SP: Probably less chance actually, as there’s so much stuff out there and the music press does not have the power it once did.

PB: Something that I’ve wondered for years is concerning the cover of Eden Kane’s ‘Boys Cry’ on ‘Nobody’s Perfect’. It was a sympathetic cover but not up there with the originals on the album. Was it a band or label decision to include it on the album and also issue it as a single?

MF: In principle, we were all against it being released as it was meant to be a giggle in the studio and a tension reliever. Unfortunately, some of us believed that it really would help get us known if we released it onto the album as some of the Island people said. That then became the ‘lead-single’ from the album. Steve was very much against it and I was softy Walter and went along with it. The Island press officers wanted ‘Waiting For Lorraine’ or ‘(Stuck in a) Fantasy’ – we should have gone with them!

SP: After some persuasion the label got a majority of support in the band and I left in a huff. It’s a situation from which nobody emerges looking at their best.

PB: The Distractions were regularly, and in many ways quite rightly, compared to The Undertones back in the '70s and '80s. But the Undertones were in and out of the all important back then charts on a regular basis. It must have been frustrating for your band to see songs of the calibre of ‘Time Goes By So Slow’ and ‘It Doesn’t Bother Me’ miss out on chart placings.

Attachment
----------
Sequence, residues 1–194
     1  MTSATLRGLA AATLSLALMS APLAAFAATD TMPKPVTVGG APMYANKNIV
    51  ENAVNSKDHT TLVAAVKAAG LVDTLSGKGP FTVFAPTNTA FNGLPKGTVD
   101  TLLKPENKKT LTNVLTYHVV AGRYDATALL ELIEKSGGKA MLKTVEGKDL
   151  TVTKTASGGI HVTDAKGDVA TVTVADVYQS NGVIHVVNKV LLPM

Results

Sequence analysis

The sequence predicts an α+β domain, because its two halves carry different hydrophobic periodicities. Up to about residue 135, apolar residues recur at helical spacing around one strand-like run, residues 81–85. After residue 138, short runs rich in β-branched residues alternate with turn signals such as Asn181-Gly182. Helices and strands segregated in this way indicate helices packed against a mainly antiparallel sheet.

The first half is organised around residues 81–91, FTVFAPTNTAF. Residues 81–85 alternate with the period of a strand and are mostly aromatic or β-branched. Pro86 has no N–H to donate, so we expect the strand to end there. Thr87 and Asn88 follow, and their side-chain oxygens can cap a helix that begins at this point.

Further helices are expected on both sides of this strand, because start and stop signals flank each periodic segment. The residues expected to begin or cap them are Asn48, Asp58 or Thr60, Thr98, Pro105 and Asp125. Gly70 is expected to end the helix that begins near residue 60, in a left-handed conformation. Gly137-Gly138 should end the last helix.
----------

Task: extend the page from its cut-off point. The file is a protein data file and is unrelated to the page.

SP: Yes, it was.

MF: I would have liked to be charting and it was indeed very important in the various decisions made by both us and others at that point. But it wasn’t an issue with The Undertones, Buzzcocks, etc., as much as that The Nolans and The Dooleys and the like were what the public wanted. I was happy to see The Undertones, Buzzcocks, etc., in there.

PB: It’s great to see both of you as the two main songwriters from the 1978-1981 line-up back together. Although Adrian Wright only wrote two songs on ‘Nobody’s Perfect’ one of them, ‘(Stuck In A) Fantasy’ defines the classic Distractions sound. Was Adrian approached to re-join the band?

SP: Actually, Adrian also wrote ‘Time Goes By So Slow’, but it was wrongly credited to me and Mike on the record label. As Mike said, he keeps his distance and won’t come out for a drink, let alone join a band. He does know about the new stuff, however, and is fully supportive, as are Pip and Alex.

MF: Ade was asked (twice) to re-join, but he declined for personal reasons. I haven’t written any songs since The Art of Noise and that wasn’t used! I agree with you about Steve writing again. Good, innit?

PB: The songs on ‘Nobody’s Perfect’ haven’t dated at all. Songs that are some thirty years old still sound fresh and with lyrics that we can all relate to will surely appeal to a new generation. Have you had any feedback from new converts who have checked out your back catalogue after hearing the new songs?